Added: November 5, 2016 – Last updated: November 5, 2016

TITLE INFORMATION


Author: Chet James Paul Fransch

Title: "... wood, carved by the knife of circumstance ..."?

Subtitle: Cape Rapists and Rape in South Africa, c. 1910-1980

Thesis: Academisch Proefschrift, Vrije Universiteit Amsterdam and Stellenbosch University

Year: 2016

Pages: ix + 284pp.

OCLC Number: 950867247 – Find a Library: WorldCat

Language: English

Keywords: Modern History: 20th Century | African History: South African History



FULL TEXT


Link: VU-DARE: Digital Repository of the Vrije Universiteit Amsterdam (Free Access)



ADDITIONAL INFORMATION


Abstract: »“… wood carved by the knife of circumstance…”?: Cape Rapists and Rape in South Africa, c. 1910-1980, interrogates the notion that rapists are a product of an inherent nature and/or are nurtured by their environments to commit acts of rape. It also attempts to contextualise the changing definitions, motivations, justifications, and rationalisations given by theorists, politicians, jurists, the medical profession, society, communities, families, rape victims, and rapists. The central thesis questions, a slight adaptation from that of Joanna Bourke, are: “who were the rapists in the Cape?”, “why did they do what they did?” and “how particular are they to the Cape?” By contextualizing existing studies on rape with the accounts within the rich primary archives, Cape rapists are not merely located, defined, and explained, but are also contextualized within broader South African and global categories of rapists in what unfolds as a history of contested (and sometimes competing) notions of consensual sex, sexuality, and non-consensual sexual violence.« (Source: Thesis)

Contents:

  List of Figures (p. v)
  Abbreviations, Acronyms and Terms (p. vii)
 
Chapter 1 Introduction
  Contested Notions of Consensual and Non-Consensual Sexual Violence: Global Theories and Myths (p. 2)
    Who Were They?: Defining the Rapist (p. 3)
    Potential Rapists: All MANkind? (p. 5)
    Hidden Rapists (p. 23)
    Alleged and Convicted Rapists (p. 30)
  Dissertation Outline (p. 33)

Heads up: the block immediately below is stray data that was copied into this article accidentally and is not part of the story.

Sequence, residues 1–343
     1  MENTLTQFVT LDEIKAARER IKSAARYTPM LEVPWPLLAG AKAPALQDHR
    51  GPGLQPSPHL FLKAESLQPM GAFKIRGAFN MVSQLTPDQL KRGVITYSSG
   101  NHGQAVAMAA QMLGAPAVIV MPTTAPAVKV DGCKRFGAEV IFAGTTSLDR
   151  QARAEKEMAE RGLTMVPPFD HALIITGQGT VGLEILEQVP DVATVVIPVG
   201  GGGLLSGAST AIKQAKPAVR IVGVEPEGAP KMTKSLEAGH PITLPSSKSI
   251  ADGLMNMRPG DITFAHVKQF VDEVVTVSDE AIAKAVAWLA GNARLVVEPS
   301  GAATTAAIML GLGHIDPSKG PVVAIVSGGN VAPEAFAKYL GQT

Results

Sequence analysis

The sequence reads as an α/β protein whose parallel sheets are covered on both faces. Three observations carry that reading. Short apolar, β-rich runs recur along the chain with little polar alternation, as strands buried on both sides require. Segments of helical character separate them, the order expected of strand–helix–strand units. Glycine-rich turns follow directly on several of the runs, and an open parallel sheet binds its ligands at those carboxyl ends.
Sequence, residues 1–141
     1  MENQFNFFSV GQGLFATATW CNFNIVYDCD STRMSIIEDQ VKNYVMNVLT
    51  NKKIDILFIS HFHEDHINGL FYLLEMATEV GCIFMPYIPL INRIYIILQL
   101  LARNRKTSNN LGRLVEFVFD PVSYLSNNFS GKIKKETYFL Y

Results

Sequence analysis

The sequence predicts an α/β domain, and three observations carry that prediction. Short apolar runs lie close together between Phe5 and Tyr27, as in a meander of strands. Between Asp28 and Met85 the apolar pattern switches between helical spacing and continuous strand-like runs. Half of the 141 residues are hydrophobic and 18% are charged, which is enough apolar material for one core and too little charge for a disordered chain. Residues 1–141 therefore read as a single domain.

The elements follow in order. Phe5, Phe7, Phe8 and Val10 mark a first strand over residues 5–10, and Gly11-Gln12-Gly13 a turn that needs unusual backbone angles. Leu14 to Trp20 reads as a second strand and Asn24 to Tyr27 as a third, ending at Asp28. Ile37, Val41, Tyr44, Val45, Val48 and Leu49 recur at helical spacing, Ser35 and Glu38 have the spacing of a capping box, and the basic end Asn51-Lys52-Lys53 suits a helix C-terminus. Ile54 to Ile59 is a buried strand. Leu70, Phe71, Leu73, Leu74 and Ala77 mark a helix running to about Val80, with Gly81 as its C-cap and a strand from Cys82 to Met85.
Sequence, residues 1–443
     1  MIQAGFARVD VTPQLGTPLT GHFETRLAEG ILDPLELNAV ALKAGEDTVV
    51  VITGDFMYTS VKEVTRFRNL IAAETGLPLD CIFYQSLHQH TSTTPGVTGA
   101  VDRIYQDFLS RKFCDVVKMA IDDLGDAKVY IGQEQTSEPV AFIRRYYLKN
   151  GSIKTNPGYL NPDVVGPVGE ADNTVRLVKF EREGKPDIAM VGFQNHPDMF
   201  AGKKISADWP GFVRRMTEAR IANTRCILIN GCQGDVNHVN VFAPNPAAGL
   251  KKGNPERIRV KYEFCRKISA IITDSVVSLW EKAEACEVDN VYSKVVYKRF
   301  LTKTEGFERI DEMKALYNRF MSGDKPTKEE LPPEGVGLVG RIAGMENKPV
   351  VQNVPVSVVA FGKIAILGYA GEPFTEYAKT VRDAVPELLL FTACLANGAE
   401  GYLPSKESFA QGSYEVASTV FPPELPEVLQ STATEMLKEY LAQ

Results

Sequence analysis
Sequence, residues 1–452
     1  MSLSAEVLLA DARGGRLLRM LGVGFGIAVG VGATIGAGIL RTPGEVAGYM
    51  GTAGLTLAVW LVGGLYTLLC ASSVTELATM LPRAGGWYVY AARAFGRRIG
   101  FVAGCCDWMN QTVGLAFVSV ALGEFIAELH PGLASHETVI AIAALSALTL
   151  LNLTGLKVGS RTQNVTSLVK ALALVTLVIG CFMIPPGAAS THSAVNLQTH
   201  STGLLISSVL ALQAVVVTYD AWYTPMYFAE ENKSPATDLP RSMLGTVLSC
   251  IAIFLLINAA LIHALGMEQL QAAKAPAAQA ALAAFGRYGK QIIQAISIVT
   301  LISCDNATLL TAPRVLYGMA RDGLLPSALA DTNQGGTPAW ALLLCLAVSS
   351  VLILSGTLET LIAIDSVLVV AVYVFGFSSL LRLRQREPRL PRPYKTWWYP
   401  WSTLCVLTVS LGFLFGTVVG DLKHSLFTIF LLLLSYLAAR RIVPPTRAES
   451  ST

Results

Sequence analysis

Methodology (p. 34)
  A Note on Terminology (p. 39)
 
Chapter 2 Theorising Rape in South Africa and Explaining the Cape Rapist
  Locating, Explaining and Contextualising South African Rapists (p. 43)
    From Colonial Era to Segregation: The Lasting Legacy of the Black Peril Scares (p. 43)
    Apartheid Politics and Rape (p. 49)
    Post-Apartheid Legislation Blows the Cover Off Previously Hidden Rapists (p. 59)
  Towards A 20th Century History of Rapists in the Cape (p. 80)
  Concluding Remarks (p. 82)
 
Chapter 3 The State and the Judiciary: Legislated Rapists During Segregation and Apartheid
  Curbing Sexual Violence or Regulating Sex?: State Legislation and the Cape Judiciary (p. 85)
    Defining the Rapist: Changing State Legislation (p. 85)
    Regulating Sex: State [In]Attention to Rape in the Cape? (p. 90)
      A Misnomer - Immorality Act or Sexual Offences Act of 1957: Negotiating Race, Class and Immorality (p. 91)
      “Pornography is the Theory: Rape the Practice”? (p. 102)
      Paying for Sex is Illegal! Prostitutes Cannot be Raped? (p. 103)
  Changing Legislation, Changing Definitions and Increasing Numbers of Rapists in South Africa? (p. 106)
  Conclusions (p. 117)
 
Chapter 4 Judicial Procedures: Towards Locating the Cape Rapists, c. 1910-1975
  Managing the Courtroom: Cape Court Procedure (p. 118)
    Scrutinising the Victim? (p. 126)
    Alcohol and Drugs (p. 132)
    Rapists Are More than Pathologised Beings (p. 136)
  Punishing or Rehabilitating the Rapist?: Sentencing Trends in the Cape Courts, c. 1910-1975 (p. 144)
    The Death Sentence (p. 145)
    Flogging in the Cape (p. 149)
    Incarcerating the Offenders (p. 151)
  Public Reaction to the Cape Judiciary by the 1960s (p. 159)
  Conclusions (p. 163)
 
Chapter 5 Identifiable Types of Rapists in the Cape Courts, c. 1910 to 1980
  Classifying the Unclassifiable: Racially Segregated Rapists? (p. 166)
    Black Rapists (p. 166)
    White Rapists (p. 170)
  Identifiable Types of Rapists at the Cape (p. 176)
    Serial Rapists (p. 177)
    The Fine Line Between Incest and Rape (p. 180)
    Statutory Rapists (p. 183)
    Baby Rapists (p. 188)
    The Rise of the Juvenile Rapists (p. 191)
    Gangs and Gang Rapes in the Cape (p. 194)
  Conclusions (p. 207)
 
Chapter 6 The Cape Coloured Rapist, c. 1960-1980
  Public Reactions to Rape in the Cape: Environmental Issues that Framed the Rapists, c. 1960 – c.1980? (p. 211)
  Intra-racial Class Distinctions? (p. 223)
  Class to Caste? (p. 234)
  Conclusions (p. 236)
  Conclusion (p. 239)
  Bibliography (p. 245)
    Archival Sources (p. 245)
    Primary Sources (p. 245)
    Films (p. 247)
    Seminars (p. 247)
    Unpublished Works (p. 248)
    Secondary Sources (p. 248)
    Selected Internet Sites (p. 269)
  Appendix (p. 270)
  Abstract (p. 280)
  Samenvatting (p. 281)
  Opsomming (p. 282)
  Résumé (p. 283)
  Acknowledgments (p. 284)

Wikipedia: History of Africa: History of South Africa / History of South Africa (1910–48)